AUG 27, 2017 1:09 PM PDT

The amoeba's microbiome

WRITTEN BY: Kerry Evans

With all the talk of the human microbiome, it’s worth pointing out that other organisms- even teeny tiny ones - have microbiomes of their own.

Even amoebas, you ask? Yep, even amoebas.

Amoebas have bacterial endosymbionts.

Image: Alamy/Melba Photo Agency

While free-living amoebas feed on bacteria, some bacteria actually live inside amoebas - sometimes as endosymbionts and sometimes as pathogens. When an amoeba “eats” a bacterium, it is usually digested inside of a phagolysosome. Some bacteria can actually resist this digestion, and that may be how they became endosymbionts in the first place.

Nineteen different bacterial endosymbionts have been identified in amoebas with rRNA sequencing technology, and these comprise 5 different lineages. The number of bacteria in one amoeba can range from between 5 and 100. Some of these bacteria live freely in the cytoplasm, but some hang out in host-derived vacuoles - phagolysosomes modified by the bacteria.

Some of these bacteria aren’t so friendly, however. Some endosymbionts actually lyse their amoeba hosts (in which case, it’s not really correct to call them endosymbionts). For example, O. thessalonicensis lives happily inside an amoeba at 22oC. Turn the heat up to 30oC, however, and these bacteria lyse their amoebas! The change in temperature may signal danger, prompting the bacteria to produce virulence factors.

Interestingly, most of the endosymbionts of amoebas belong to the order Chlamydiales. Some familiar human pathogens also fall into this lineage. For example, Chlamydophila pneumoniae causes community-acquired pneumonia, especially in people with chronic health conditions. Chlamydia trachomatis, of course, causes the STI chlamydia.

Could these chlamydia-related endosymbionts cause disease in humans? Some of these strains have actually been identified (through rRNA and antibody titers) in patients with pneumonia and other respiratory diseases, suggesting that the amoebas may help to spread these potential pathogens.

Indeed, amoebas appear to act as reservoirs and vehicles (tiny Trojan horses?) for Legionella pneumophila. Amoebas and Legionella both live in similar environments (like hot water tanks) and amoebas are often transient hosts of Legionella.

Legionella causes legionellosis, a respiratory illness that occurs when the bacteria are inhaled with aerosolized contaminated water. In 1980, Rowbotham and colleagues proposed that people don’t get legionellosis by inhaling free bacteria. Instead, he reasoned, the disease is transmitted when people inhale amoebas (or vesicles) that contain Legionella! Consistent with this, free-living amoeba are required for Legionella to reproduce in aquatic biofilms.

Some pathogenic species of Mycobacterium can also live inside amoebas. In some cases, endosymbiosis may actually make these bacteria more virulent! M. avium (a human respiratory pathogen) is more virulent when it is grown in amoebas than in broth culture - they invade intestinal epithelial cells and macrophages more readily. M. avium’s intracellular lifestyle also makes it resistant to various drugs, such as the antimicrobials used to treat M. avium in people with AIDS.

As I mentioned earlier, “endosymbiosis” may not be the best term to describe every relationship between amoebas and intracellular bacteria - endosymbiosis implies that both parties benefit from the relationship. In some cases, however, it seems that only the bacteria benefit. To reflect this, some reports describe “amoeba-resistant” microorganisms. These organisms survive phagocytosis by an amoeba and are often capable of multiplying within their host.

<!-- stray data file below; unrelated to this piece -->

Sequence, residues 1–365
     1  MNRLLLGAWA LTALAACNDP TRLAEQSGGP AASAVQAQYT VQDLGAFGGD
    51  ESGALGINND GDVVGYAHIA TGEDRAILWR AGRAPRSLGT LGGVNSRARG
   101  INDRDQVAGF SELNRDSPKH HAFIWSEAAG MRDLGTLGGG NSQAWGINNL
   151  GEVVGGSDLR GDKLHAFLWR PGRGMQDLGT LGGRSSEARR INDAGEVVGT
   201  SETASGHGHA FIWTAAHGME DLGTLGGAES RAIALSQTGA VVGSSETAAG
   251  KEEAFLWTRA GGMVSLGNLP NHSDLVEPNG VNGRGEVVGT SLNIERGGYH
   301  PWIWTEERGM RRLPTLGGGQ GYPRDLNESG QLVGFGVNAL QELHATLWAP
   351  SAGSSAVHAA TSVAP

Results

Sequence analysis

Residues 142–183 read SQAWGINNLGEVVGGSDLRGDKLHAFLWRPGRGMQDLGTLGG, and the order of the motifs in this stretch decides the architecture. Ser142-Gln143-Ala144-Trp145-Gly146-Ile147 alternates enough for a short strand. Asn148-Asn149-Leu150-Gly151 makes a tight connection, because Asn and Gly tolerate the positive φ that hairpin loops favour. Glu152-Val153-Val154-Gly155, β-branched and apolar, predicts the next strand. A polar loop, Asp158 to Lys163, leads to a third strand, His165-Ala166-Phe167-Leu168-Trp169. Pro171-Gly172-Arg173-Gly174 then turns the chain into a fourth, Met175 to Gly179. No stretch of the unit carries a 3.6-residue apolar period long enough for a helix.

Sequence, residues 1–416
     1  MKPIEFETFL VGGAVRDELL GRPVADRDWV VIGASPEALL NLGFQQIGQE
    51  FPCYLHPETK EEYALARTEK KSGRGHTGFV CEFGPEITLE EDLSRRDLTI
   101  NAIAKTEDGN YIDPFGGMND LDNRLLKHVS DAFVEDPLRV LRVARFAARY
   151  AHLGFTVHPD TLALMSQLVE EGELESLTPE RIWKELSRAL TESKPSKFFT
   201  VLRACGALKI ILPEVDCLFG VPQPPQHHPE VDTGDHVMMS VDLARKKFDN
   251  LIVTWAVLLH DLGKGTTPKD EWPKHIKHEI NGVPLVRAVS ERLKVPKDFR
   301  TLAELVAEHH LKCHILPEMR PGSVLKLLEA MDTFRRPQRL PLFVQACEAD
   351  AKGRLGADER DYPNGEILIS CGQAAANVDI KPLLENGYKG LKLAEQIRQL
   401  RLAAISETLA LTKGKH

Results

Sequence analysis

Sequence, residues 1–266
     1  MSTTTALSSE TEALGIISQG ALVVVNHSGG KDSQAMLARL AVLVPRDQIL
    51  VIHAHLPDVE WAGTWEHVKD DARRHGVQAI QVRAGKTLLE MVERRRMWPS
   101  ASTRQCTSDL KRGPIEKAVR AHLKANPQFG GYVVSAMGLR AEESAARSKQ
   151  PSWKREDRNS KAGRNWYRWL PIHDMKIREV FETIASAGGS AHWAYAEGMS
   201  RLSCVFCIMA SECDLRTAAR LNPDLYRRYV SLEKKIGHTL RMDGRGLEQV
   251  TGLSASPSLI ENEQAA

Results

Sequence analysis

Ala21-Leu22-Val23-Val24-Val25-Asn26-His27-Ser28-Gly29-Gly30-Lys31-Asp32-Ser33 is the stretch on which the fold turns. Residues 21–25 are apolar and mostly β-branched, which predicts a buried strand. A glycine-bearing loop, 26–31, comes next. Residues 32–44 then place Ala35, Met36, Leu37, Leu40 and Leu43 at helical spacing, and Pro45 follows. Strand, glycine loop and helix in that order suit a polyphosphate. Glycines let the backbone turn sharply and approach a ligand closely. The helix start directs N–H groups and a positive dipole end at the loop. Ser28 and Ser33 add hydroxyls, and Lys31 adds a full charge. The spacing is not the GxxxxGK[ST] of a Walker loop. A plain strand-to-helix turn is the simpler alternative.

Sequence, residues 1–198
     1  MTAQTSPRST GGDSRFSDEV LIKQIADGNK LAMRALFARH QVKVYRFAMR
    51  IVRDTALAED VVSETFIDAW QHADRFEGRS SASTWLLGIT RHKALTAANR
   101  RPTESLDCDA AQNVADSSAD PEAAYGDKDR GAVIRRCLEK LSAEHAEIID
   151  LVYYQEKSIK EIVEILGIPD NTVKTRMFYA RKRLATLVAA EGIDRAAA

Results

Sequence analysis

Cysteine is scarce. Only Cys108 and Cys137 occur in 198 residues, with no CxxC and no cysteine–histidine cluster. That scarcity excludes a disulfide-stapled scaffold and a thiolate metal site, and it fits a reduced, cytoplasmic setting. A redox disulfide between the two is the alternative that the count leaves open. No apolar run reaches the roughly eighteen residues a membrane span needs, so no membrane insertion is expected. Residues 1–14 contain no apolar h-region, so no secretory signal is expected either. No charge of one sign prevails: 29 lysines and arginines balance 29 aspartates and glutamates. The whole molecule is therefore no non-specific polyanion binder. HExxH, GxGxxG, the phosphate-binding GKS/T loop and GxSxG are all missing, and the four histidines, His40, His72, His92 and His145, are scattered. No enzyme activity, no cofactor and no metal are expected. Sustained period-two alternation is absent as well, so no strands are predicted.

As far as amoeba-resistant bacteria go, Listeria monocytogenes, Burkholderia cepacia, and Pseudomonas aeruginosa will all live inside an amoeba if given the chance, as will some human pathogens. These include Chlamydophila pneumoniae (mentioned earlier), Simkania negevensis, Bradyrhizobium japonicum, and Coxiella burnetii.

Sources: The Journal of Eukaryotic Microbiology, Clinical Microbiology Reviews, Journal of Bacteriology

 

About the Author
  • Kerry received a doctorate in microbiology from the University of Arkansas for Medical Sciences.
You May Also Like
MAY 04, 2020
Genetics & Genomics
Molecular Tools Reveal More About the Impacts of the Slave Trade
MAY 04, 2020
Molecular Tools Reveal More About the Impacts of the Slave Trade
Scientists still have a lot to learn about the numerous and varied consequences of the transatlantic slave trade, which ...
MAY 09, 2020
Clinical & Molecular DX
Rapid, Efficient COVID-19 Diagnostic Method Relies on Magnetic Beads
MAY 09, 2020
Rapid, Efficient COVID-19 Diagnostic Method Relies on Magnetic Beads
The pandemic virus SARS-CoV-2 has spread widely, and a lack of testing has been a serious problem.
MAY 23, 2020
Microbiology
The FDA Yanks Some COVID-19 Antibody Tests From the Market
MAY 23, 2020
The FDA Yanks Some COVID-19 Antibody Tests From the Market
The massive demand for diagnostic testing led the FDA to open a short window for many testing products to go to market w ...
JUN 10, 2020
Immunology
Natural Killer Cells with "Memory" to Target Hepatitis B
JUN 10, 2020
Natural Killer Cells with "Memory" to Target Hepatitis B
An immune cell type thought to be restricted to the general, first response to pathogenic invaders may actually have som ...
JUL 19, 2020
Microbiology
A Hybrid Fungus Is Linked to Lung Infections
JUL 19, 2020
A Hybrid Fungus Is Linked to Lung Infections
A type of fungus that's been found in soil or plants has now been identified in a hospital environment and in people for ...
JUL 22, 2020
Infographics
The Science of Sourdough
JUL 22, 2020
The Science of Sourdough
During the coronavirus stay-at-home order, many people have taken up the art of making sourdough bread and have learned ...
Loading Comments...